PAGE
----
Creating and developing a newsletter, or electronic newsletter, can be difficult for businesses that do not have experience doing so before and it can also be an arduous process for those who have done it for years. Therefore, some companies create newsletters ineffectively or not at all. But having a newsletter is extremely beneficial to developing trust with your clients, marketing your business, driving opportunities, showcasing your expertise, and increasing brand awareness. However, without having relevant content and a plan for developing and growing your newsletter, it will not be successful.

As you begin planning and executing a newsletter, here are a few tips / tricks that I have used in the past as a Marketing Director for a 100 person professional service firm and now, as a consultant to small to medium-sized businesses:

  1. Engage a “team” to brainstorm ideas for the publication (you should be able to create a list of 100+ potential articles from this group – of course, do not go into the meeting unprepared… you should have a list of areas/services/products related to your firm when you begin)
  2. Develop a POA (plan of action) – be sure to include an overview of the process (see below my process), then assign article topics to all implementers (this may not be your entire brainstorming team, or your entire partner group, but folks who will git ‘r’ done).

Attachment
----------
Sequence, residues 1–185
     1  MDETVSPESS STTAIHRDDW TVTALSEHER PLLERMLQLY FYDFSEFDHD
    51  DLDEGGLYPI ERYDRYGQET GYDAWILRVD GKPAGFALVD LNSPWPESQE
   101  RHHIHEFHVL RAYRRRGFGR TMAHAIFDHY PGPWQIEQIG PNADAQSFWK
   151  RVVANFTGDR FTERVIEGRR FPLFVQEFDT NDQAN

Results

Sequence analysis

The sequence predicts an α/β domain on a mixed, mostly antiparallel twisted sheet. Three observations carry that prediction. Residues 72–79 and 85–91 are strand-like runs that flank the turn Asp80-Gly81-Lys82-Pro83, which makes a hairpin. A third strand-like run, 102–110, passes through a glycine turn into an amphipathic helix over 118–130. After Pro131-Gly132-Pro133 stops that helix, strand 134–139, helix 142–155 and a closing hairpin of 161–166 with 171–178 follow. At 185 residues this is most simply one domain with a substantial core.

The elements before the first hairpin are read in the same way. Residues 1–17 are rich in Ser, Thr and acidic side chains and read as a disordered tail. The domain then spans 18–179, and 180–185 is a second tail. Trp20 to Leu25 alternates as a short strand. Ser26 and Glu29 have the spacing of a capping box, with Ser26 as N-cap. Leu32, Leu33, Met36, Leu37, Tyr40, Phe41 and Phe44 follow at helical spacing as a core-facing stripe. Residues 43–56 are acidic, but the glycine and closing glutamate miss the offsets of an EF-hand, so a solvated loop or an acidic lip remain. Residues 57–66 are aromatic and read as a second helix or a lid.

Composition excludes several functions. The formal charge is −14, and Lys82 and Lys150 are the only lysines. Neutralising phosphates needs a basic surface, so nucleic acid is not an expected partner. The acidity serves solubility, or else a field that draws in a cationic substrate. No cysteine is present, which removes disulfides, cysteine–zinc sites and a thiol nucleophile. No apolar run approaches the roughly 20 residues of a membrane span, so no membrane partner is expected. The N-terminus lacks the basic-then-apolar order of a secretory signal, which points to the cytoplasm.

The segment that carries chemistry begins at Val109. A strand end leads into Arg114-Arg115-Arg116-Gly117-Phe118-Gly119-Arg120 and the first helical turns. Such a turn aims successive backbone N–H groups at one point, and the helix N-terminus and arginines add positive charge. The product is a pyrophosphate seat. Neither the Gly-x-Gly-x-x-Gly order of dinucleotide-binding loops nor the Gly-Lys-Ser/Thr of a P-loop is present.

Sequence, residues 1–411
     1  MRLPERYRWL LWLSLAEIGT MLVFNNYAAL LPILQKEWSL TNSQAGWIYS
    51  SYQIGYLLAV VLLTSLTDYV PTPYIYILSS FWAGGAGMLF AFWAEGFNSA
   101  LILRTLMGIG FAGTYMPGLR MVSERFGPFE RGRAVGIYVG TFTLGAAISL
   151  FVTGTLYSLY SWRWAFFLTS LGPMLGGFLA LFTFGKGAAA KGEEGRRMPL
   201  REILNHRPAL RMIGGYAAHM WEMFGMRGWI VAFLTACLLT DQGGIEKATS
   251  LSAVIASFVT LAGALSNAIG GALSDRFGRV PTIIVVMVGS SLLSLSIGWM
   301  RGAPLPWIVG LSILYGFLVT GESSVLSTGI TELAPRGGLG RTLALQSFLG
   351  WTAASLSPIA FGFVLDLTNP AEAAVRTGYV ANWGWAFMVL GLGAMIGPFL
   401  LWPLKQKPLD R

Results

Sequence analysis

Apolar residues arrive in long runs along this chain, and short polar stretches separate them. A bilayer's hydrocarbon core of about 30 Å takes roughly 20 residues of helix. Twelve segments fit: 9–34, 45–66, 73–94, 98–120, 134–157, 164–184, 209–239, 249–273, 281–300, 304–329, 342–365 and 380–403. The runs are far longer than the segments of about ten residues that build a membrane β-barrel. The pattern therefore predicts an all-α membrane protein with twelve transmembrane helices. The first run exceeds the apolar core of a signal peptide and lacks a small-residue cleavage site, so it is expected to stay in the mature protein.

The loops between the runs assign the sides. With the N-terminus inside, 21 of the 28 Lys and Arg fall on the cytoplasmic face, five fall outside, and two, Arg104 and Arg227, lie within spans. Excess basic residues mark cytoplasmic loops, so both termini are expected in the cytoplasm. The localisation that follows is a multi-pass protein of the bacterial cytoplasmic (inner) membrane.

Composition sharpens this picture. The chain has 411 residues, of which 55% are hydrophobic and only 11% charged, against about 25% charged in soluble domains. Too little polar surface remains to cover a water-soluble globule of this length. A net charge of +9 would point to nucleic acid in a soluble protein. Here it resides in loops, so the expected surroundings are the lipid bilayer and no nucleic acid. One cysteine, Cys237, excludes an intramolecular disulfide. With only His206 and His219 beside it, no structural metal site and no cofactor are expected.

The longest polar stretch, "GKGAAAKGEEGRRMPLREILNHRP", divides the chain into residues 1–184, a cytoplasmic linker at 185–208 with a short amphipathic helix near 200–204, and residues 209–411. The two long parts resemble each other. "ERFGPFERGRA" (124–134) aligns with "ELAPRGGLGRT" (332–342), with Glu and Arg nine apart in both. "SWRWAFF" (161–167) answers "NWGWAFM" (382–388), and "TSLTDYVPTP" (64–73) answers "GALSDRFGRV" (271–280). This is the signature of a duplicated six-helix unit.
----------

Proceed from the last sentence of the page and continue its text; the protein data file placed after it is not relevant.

3. Share the process / ways you will communicate with the “drafters” – here’s mine:
    • Create an excel spreadsheet with these columns: topic/subject, person responsible, status, anticipated publish date, actual publish date and category (so you don’t talk too much about one subject)
    • Share the document with all responsible parties
    • Educate all “drafters” on the timeline – for example, I send an email 3 weeks prior to the due date, tell the responsible party that I need an outline (or draft, whatever they are comfortable with) in two weeks… that gives me one week to review / revise and prepare for the newsletter, blog or e-blast. Here’s how you can honor the schedule and meet the deadlines set forth.
    • Track the progress – this helps you figure out if you need to give them more time to prepare, less time to prepare, are some people finishing them faster than others (if so they can do more).
  4. Stick to your deadline – if you say you’ll publish them monthly… then do it! Do not leave your audience waiting on information because one person failed to meet the deadline set forth. If applicable in your firm, have a plan for when someone “fails” to do as required. Will someone else draft it? Will their article get pushed to the next month? Etc…

If managing this process yourself is just too time consuming, contact us and we’ll help! Sometimes an outsider can assist with the process and keep all internal resources accountable – after all, that’s our job!